10 Feb 2014
Thomas Graves and Lana Lesley
Photo by Erin Baiano
Austin-based musician Graham Reynolds, who created the music for the LCT3 production of Stop Hitting Yourself, offers a one-night-only New York City concert Feb. 10 at the Claire Tow Theater.
Stop Hitting Yourself, which was created by Rude Mechs, the Austin, TX-based theatre collective, opened at the Claire Tow Theater Jan. 27. It is written by Kirk Lynn and directed by Shawn Sides. Performances continue through Feb. 23.
As part of the 9:30 PM concert, composer/bandleader Reynolds will discuss the creation of the music for the play, which is described as "part Busby Berkeley, part self-help lexicon." The evening is hosted by Rebecca Havemeyer.
Reynolds recently scored "Before Midnight" (featuring Ethan Hawke and Julie Delpy) and "Bernie" (featuring Jack Black), and his "A Scanner Darkly" score was named Best Soundtrack of the Decade by Cinema Retro magazine. Reynolds creates, performs and records music for film, theatre, dance, rock clubs and concert halls with collaborators ranging from Richard Linklater to DJ Spooky to Ballet Austin.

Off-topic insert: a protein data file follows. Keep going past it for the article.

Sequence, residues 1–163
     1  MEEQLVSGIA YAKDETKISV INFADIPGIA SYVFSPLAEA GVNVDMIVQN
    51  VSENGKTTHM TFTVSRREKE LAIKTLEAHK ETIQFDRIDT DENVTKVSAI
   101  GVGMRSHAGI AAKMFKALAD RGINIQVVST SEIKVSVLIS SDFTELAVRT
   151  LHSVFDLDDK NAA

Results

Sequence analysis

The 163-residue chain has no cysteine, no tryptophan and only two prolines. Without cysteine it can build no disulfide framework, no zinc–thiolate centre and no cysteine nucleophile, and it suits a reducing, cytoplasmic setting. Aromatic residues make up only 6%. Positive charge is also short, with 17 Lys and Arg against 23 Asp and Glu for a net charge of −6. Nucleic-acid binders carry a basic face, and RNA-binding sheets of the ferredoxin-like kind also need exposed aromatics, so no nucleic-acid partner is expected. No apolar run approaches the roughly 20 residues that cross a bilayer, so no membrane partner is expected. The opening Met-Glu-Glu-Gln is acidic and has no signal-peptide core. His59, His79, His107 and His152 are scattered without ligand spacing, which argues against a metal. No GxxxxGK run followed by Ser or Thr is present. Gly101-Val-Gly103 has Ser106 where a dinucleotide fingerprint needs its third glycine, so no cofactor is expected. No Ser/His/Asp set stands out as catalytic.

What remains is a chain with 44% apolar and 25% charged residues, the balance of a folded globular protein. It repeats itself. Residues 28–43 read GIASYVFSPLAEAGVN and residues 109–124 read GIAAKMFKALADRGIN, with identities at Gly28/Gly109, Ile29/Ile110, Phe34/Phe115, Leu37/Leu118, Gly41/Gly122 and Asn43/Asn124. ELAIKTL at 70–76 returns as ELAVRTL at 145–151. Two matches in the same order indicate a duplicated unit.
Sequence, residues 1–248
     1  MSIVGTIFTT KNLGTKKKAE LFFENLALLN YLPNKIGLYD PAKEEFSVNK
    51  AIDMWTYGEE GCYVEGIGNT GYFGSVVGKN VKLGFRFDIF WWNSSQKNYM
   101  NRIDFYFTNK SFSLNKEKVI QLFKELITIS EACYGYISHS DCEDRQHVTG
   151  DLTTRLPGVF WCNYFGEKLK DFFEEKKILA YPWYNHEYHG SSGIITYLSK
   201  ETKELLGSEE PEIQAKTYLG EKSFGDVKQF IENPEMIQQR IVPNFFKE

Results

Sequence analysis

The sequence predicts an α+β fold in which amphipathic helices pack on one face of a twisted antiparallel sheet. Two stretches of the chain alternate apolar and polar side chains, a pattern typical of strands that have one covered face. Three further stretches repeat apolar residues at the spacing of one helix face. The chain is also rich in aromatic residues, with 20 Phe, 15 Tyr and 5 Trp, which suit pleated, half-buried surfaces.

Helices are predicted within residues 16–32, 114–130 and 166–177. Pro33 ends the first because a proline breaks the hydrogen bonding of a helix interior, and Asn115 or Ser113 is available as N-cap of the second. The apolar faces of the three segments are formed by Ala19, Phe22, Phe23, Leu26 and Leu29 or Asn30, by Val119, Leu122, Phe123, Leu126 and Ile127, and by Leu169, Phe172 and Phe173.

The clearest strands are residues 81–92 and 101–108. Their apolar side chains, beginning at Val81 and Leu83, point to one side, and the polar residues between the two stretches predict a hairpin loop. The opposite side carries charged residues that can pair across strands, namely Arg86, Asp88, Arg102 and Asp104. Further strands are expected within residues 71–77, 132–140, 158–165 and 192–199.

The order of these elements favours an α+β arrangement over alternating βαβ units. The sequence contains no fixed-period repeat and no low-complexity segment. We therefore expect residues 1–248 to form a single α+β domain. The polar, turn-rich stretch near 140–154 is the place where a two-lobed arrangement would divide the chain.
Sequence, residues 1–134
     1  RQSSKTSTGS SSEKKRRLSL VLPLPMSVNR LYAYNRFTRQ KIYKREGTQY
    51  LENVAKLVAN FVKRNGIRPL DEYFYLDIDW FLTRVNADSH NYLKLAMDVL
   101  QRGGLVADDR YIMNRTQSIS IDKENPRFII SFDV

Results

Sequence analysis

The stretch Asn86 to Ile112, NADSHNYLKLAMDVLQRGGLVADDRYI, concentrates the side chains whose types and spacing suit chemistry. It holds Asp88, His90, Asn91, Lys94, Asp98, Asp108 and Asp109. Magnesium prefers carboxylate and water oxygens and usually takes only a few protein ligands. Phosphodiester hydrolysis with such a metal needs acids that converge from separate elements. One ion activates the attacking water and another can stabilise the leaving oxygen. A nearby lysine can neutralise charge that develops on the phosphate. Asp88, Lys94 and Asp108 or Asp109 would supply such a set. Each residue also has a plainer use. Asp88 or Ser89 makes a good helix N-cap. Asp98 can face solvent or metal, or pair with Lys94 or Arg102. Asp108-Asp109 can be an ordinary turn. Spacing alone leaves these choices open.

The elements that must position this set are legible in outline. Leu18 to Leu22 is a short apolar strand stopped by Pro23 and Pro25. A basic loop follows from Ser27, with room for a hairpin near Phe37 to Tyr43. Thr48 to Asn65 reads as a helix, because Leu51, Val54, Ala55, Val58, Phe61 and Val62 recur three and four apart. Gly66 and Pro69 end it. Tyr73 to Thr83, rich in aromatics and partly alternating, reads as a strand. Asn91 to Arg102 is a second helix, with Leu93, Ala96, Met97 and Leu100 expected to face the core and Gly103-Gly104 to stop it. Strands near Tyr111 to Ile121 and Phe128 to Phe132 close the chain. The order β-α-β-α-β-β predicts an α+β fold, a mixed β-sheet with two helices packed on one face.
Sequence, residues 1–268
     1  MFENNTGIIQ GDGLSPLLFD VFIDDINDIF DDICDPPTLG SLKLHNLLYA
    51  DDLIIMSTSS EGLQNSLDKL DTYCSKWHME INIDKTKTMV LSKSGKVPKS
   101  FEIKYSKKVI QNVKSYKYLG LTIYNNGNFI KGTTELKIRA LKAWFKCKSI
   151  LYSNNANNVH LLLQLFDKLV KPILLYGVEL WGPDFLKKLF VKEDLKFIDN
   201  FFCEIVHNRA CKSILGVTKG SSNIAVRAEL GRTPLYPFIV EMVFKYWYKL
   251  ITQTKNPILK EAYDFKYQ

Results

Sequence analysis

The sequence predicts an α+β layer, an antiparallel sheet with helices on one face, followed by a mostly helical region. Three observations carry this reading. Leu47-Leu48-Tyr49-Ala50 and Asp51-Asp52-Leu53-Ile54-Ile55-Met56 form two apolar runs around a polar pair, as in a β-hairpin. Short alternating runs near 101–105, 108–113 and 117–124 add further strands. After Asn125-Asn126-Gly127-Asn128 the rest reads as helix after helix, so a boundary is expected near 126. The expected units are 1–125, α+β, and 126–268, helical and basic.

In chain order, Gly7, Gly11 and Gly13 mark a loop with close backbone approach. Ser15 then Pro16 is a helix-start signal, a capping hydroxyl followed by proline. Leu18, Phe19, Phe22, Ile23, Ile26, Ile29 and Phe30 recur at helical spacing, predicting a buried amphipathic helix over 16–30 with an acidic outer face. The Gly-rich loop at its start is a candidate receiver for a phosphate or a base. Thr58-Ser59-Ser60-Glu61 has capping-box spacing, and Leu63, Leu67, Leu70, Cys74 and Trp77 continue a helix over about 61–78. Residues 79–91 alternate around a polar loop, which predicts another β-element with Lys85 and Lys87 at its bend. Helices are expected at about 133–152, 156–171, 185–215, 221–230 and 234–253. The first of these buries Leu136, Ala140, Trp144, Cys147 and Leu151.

The cast of Stop Hitting Yourself features Thomas Graves, Heather Hanna, Joey Hood, Hannah Kenah, Lana Lesley, E. Jason Liebrecht and Paul Soileau.
Here's how the 90-minute production is billed: "Part Pygmalion, part Busby Berkeley, part self-help lexicon, Stop Hitting Yourself borrows from the plots of 1930's musicals to dig deep into the contemporary conservative dilemma: how to honor steely individualism without disavowing the virtue of charity -- all the while tap-dancing around a queso fountain.
"Once a year, at the Charity Ball, a single worthy cause is chosen to benefit from the Queen’s Annual Good Deed. Prominent families compete to find citizens deserving of assistance. This year, a Socialite has discovered a Wildman in the forest and tries to improve him. The Wildman’s desire to save the natural world and usher in an era of love and harmony is a sure-winner. Now the Socialite must teach him how to eat, dance and behave in society so that his cause can be victorious."